Bingo and raffle games are also legal under charitable gambling laws; according to this exception in the rule, these gambling activities can be conducted for charitable purposes, provided that strict care is taken to uphold the firm licensing and legal conditions.
As a result of the strict gambling bans, many Alabamians cross over to casinos in the state of Mississippi to indulge themselves; this while allows Alabama to preserve their stance on gambling does channel a lot of money into the neighboring state instead of keeping it within their own economy.
Collapse of the Broader Gambling Bill
Given the stringent gambling rules in the state of Alabama, the progress the senate has made on the lottery bill, earlier this month can be considered an immense achievement. An earlier prediction on Governor Robert Bentley’s gambling bill suggested that it would fail to pass at the Senate on the day of the vote, but the votes taken on Friday, the 20th of August 2016, proved these expectations wrong; the lawmakers went against the forecasts and approved a simpler version of the bill by a margin of 21-12 in its favor. The bill, which was amended substantially before the vote, will now go on to the House of Representatives.
The governor got his chance to push his lottery bill on to the floor, after the broader gambling bill collapsed in the Alabama Senate. However, Bentley’s bill still faces steep odds in an Alabama Legislature, which is sharply divided over the issue of gambling; some legislators opposed all gambling activities, while others strongly suggested either excluding or including electronic gambling. The senate was also divided on the ideas of how lottery proceeds should be used, if gambling was to successfully be legalized in the state.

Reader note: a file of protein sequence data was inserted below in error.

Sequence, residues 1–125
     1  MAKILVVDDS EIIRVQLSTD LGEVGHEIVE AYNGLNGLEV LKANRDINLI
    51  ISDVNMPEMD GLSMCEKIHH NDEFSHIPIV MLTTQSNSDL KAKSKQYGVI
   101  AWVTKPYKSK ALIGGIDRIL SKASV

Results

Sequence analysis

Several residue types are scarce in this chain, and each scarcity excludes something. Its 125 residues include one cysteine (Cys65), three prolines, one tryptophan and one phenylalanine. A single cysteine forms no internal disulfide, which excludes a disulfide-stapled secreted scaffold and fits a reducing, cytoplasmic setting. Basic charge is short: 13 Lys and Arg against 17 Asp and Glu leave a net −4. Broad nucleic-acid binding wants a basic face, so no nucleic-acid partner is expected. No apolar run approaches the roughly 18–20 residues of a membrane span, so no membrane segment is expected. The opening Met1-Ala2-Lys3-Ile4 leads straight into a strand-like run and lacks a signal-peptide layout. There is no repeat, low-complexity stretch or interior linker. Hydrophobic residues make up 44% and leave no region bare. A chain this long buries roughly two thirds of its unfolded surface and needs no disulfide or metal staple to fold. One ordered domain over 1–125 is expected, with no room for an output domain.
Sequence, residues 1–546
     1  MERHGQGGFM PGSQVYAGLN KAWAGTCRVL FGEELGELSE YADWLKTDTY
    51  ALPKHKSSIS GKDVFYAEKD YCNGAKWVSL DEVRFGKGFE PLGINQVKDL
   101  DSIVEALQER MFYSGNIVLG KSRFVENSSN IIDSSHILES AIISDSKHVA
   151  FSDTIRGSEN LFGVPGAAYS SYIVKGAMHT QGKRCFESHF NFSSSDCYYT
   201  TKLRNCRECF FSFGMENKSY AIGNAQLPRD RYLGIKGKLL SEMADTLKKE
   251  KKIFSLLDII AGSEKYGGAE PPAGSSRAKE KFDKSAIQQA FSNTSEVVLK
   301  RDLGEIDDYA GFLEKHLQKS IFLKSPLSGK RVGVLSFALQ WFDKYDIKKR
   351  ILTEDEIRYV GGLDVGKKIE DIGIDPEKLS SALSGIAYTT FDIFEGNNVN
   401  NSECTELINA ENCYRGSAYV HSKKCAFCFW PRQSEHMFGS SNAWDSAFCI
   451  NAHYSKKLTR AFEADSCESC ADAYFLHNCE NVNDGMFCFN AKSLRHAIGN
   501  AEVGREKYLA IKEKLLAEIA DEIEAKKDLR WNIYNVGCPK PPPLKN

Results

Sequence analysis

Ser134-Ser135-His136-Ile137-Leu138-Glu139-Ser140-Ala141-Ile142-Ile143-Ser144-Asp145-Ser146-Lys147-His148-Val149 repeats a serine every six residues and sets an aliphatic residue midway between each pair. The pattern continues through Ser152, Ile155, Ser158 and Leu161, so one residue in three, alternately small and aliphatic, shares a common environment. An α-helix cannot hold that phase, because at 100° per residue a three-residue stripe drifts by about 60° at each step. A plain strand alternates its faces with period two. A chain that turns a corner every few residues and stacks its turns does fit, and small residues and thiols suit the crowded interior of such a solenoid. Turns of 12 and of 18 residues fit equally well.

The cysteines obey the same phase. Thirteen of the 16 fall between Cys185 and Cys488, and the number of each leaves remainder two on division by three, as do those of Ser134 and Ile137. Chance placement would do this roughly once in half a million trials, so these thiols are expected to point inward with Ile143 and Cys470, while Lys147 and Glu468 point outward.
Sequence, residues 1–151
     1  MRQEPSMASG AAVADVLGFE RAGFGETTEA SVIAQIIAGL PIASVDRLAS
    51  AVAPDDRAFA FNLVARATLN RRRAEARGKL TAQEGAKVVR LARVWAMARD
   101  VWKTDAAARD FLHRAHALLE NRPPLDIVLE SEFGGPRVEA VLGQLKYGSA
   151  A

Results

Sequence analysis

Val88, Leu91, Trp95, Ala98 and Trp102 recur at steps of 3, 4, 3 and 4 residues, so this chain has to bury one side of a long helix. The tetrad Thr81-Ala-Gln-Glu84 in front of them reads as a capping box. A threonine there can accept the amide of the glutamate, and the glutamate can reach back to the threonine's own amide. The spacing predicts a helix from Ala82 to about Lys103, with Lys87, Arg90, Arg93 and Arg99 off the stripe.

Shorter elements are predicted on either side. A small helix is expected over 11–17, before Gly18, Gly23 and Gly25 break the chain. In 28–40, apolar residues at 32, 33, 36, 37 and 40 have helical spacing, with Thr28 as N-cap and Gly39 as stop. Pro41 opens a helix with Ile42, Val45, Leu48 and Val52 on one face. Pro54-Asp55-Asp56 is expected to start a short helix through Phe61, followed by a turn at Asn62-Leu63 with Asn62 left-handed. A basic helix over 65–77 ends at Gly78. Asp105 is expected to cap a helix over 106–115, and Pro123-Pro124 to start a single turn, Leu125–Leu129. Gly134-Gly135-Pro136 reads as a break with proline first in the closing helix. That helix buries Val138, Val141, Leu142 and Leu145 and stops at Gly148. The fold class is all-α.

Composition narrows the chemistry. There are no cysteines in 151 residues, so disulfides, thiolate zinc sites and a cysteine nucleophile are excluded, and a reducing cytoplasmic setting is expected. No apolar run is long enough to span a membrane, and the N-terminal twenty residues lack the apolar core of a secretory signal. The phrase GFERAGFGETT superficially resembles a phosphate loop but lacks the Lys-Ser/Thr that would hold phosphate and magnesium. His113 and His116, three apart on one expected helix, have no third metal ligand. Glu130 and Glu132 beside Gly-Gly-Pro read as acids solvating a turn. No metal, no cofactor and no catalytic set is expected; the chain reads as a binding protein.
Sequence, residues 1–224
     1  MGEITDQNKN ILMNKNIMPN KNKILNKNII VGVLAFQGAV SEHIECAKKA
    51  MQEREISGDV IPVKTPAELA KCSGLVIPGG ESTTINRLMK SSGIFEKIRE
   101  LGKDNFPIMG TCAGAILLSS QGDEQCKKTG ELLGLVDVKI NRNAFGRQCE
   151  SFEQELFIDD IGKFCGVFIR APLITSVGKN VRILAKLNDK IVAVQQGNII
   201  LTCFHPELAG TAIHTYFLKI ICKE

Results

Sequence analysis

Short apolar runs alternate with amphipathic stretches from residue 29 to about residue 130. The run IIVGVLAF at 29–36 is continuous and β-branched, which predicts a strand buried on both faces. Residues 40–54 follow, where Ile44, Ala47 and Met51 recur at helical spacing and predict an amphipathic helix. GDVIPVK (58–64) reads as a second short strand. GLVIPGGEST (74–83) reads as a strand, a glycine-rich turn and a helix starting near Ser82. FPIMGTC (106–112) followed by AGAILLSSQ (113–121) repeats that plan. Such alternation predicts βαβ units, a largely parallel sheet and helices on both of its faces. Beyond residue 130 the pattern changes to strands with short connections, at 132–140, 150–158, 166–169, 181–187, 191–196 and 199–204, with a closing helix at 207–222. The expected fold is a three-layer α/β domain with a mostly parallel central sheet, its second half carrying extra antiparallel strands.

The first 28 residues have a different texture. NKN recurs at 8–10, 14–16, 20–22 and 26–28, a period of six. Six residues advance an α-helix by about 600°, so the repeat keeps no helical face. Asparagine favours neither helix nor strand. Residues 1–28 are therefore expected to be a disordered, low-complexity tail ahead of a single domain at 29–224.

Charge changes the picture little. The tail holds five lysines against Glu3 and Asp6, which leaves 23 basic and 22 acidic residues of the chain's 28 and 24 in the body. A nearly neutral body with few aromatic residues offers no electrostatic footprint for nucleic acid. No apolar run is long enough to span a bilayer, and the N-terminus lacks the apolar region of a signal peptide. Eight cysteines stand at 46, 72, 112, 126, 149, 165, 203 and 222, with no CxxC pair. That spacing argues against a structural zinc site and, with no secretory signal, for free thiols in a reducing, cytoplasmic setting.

Issue of Electronic Lottery Terminals
The more complex lottery bill, which was sponsored by state Senator Jim McClendon, touched on prickly issues like placing electronic lottery terminals that resemble slot machines or video poker games in their appearance and function, at four state dog tracks and at their locations in Lowndes and Houston counties.
The Senators unsuccessfully tried to bring the bill to a vote with a motion to end the debate; however, while eleven of the senators wanted to bring the bill to a vote, 20 others, who were mostly Republicans, wanted to keep debate going. Finally, after it became clear the bill did not have the 21 votes needed to clear the Alabama Senate, the senators stopped the debate on the combined lottery and gambling machine bill.
The plans were hyped by the sponsors for holding the ability to generate USD 225 million and USD 400 million for the state, respectively.
Where to Direct the Lottery Revenues
The initial bill also suggested that all the taxes collected from these newly legalized gambling operations would go in its entirety to the state’s general fund; however, the bill, which was finally approved by the Senate on Friday, looks to divert millions of dollars of the anticipated revenue to the Education Trust Fund and Medicaid instead. The bill's passage caps off a contentious period of debate over how best to shore up the state's general fund.